A discussion related to what AI is or should be for the purposes of this regulation concerns the definition of “general purpose AI” (a term that was first introduced by the Slovenian Presidency in a partial compromise text, on which the French Presidency has done significant work since). In the most recent consolidated version, general purpose AI systems are defined as being those intended by their providers to perform generally applicable functions, such as image or speech recognition, translation or pattern detection (Article 3(1)(b). Several amendments tabled by MEPs also discuss general purpose AI and it remains to be seen how the final definition will determine the relations between the different actors involved in the AI lifecycle, given their unique intended purpose (see below).
Key Issue 2 – AI lifecycle dynamics
The Proposal put forward a relatively simple structure of the stakeholders present in the AI lifecycle, revolving mostly around providers, the entities that develop an AI system, and users, those who use it under their own authority. Importers, distributors and operators will also fall in scope, but they will be subject to fewer and less substantial obligations.
Under the Proposal, the dynamics between providers and users is governed by two elements – (1) the intended purpose of the AI system in question – which is set by the provider – and (2) a substantial modification made to it by the user, which has the effect of transforming it into a provider. While apparently straightforward, this equation raises difficult questions, including how the intended purpose should be defined by the provider and what would amount to a “substantial modification”.
Going forward, the meaning of both “intended purpose” and “substantial modifications” will be key to the formulation of the final text. The structure of the actors involved could also evolve (amendments that were recently tabled suggest the inclusion of players such as end users, affecter persons, new and original providers).
Key Issue 3 – Risk vs. Innovation
This dilemma is familiar to those who have followed the regulation of other emerging technologies and applications. There is broad consensus that regulation should not chill innovation. As a result, the way in which risk is defined has important implications. The Commission has opted for an approach that defines risk based on individual health, safety and fundamental rights, but the IMCO-LIBE report, prepared by the two co-lead rapporteurs on the file from the Parliament, has suggested expanding this approach, with reference to Article 2 of the Treaty on the European Union. This new approach would define risk by reference to the values listed in this Article, including democracy, freedom and rule of law.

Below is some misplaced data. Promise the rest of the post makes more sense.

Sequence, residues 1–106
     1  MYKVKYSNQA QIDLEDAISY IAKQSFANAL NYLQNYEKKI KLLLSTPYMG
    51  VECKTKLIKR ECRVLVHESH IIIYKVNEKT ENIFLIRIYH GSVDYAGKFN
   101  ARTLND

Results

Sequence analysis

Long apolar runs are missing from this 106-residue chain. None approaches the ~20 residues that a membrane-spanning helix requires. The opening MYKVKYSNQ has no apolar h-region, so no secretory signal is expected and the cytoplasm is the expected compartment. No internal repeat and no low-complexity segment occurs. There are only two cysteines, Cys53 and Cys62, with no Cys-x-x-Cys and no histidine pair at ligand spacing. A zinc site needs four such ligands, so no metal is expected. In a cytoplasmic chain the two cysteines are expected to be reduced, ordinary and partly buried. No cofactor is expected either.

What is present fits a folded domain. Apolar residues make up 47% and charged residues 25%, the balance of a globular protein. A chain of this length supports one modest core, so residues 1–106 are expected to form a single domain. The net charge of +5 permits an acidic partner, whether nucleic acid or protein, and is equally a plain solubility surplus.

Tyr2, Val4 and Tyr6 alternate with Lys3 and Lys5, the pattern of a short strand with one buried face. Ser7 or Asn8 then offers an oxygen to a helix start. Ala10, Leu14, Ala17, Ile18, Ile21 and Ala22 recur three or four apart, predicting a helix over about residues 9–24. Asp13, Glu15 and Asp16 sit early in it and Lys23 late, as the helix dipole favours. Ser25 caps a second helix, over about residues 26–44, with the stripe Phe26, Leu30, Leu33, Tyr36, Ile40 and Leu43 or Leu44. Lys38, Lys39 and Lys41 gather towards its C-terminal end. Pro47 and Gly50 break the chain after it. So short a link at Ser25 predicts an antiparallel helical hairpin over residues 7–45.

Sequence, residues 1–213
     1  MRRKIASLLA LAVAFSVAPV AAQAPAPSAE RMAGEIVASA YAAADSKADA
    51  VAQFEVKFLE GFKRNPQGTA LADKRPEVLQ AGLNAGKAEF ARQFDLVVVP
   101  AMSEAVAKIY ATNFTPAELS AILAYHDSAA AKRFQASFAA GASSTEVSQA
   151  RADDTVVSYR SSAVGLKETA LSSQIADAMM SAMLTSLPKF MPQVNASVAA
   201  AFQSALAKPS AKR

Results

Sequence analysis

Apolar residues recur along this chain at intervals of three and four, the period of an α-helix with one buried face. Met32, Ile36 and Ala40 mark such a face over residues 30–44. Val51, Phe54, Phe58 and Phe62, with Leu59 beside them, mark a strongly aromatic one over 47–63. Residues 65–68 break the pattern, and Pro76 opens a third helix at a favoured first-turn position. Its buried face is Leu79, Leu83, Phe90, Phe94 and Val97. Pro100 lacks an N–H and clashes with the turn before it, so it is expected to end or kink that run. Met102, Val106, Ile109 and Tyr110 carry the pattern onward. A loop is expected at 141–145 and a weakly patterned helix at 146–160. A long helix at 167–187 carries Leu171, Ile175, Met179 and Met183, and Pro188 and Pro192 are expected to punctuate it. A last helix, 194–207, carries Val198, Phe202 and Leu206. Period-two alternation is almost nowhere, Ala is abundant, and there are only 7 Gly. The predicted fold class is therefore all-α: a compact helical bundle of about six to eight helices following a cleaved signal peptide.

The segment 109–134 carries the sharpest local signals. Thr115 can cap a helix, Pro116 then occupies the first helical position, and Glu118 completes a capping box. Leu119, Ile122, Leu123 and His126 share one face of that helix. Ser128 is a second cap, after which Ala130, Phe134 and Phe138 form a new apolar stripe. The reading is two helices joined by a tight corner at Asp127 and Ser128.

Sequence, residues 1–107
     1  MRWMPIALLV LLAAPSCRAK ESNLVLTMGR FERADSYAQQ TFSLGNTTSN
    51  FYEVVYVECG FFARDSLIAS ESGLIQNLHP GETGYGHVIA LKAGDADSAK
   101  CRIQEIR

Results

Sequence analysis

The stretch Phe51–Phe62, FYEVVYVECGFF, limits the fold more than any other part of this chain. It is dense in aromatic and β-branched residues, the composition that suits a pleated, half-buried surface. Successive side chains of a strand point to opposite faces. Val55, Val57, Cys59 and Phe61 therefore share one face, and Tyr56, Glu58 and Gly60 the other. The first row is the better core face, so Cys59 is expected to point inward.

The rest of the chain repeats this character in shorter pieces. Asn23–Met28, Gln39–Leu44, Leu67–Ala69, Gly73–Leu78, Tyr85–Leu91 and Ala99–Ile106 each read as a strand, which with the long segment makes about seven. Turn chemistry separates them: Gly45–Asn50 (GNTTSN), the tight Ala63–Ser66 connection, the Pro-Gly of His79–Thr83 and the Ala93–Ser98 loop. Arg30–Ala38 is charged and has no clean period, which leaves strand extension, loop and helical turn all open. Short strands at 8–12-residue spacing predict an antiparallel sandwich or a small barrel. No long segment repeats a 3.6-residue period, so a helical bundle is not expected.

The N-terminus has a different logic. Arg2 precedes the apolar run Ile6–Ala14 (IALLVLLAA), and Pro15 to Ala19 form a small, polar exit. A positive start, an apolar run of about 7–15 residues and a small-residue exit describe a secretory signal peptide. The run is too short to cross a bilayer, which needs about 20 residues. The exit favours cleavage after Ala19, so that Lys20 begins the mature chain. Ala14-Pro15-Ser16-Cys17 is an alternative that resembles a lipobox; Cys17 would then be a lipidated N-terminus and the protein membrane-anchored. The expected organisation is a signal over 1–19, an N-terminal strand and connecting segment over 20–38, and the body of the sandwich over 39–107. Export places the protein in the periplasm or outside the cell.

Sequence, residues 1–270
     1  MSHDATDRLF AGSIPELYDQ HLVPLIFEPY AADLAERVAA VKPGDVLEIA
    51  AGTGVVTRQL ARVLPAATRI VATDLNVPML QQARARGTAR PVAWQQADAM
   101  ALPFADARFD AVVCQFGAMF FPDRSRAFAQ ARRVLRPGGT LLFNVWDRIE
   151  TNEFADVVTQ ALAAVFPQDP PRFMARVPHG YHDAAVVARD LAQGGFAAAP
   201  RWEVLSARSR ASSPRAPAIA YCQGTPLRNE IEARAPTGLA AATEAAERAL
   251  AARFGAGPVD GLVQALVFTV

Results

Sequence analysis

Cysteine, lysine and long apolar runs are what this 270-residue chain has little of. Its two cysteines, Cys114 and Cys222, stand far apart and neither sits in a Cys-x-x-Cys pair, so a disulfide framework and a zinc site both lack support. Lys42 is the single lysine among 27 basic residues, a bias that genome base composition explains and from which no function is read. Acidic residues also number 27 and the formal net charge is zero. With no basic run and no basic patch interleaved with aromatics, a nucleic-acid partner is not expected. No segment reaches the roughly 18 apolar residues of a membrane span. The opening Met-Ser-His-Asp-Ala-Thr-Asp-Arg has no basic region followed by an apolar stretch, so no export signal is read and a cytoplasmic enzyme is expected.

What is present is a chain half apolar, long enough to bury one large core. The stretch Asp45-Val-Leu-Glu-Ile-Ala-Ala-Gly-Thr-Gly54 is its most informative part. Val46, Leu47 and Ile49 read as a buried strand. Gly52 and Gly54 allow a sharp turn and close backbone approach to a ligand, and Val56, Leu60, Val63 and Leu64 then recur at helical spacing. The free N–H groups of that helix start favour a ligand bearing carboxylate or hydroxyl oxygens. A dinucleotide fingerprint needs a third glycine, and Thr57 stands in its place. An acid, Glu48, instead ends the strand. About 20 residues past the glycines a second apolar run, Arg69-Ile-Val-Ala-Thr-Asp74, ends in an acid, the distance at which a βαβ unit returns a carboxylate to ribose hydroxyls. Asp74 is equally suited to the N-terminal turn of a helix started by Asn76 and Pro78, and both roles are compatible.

Once the risk is defined, AI systems will be placed into various categories, namely unacceptable, which will be banned; high risk, which will attract specific obligations; and low or minimal, which will remain materially unaffected by the AIA. That being the case, it is not surprising that over 250 amendments have been tabled only in relation to Article 5 (1155 – 1406), which lists AI systems that give rise to unacceptable risks, and another 200 in relation to Annex III, which contains the list of high-risk AI systems (3042 – 3242).
Key Issue 4 – Enforcement
Against the backdrop of the discussions on the ineffective enforcement of the General Data Protection Regulation, and the approach taken in the Digital Services Act, which empowers the Commission to have an active role in enforcement, a key point to discuss is how the provisions of the AI Act will be enforced.
Enforcement raises many issues, ranging from the decision to create new National Supervisory Authorities focused only on AI, giving already existing Data Protection Authorities new powers to supervise implementation, to the role of the Commission and the (soon-to-be-created) European AI Board. The existence of a right to effective remedy for individuals is also under discussion.
Key Issue 5 – Liability The Commission has decided to tackle liability separately, but this is a matter inherently related to the discussions around the AIA. Recently, the Commission set a date for publishing the proposal for the Artificial Intelligence Liability Directive, which is 29 September. Even if separate from the AIA, this is integral to the broader goal of regulating AI in Europe. There is a danger that the different timelines and stakeholders involved in the legislative process could lead to discrepancies between the two instruments. Ensuring their coherence, for example the role of compliance with the AIA for liability purposes, will be key to their effectiveness.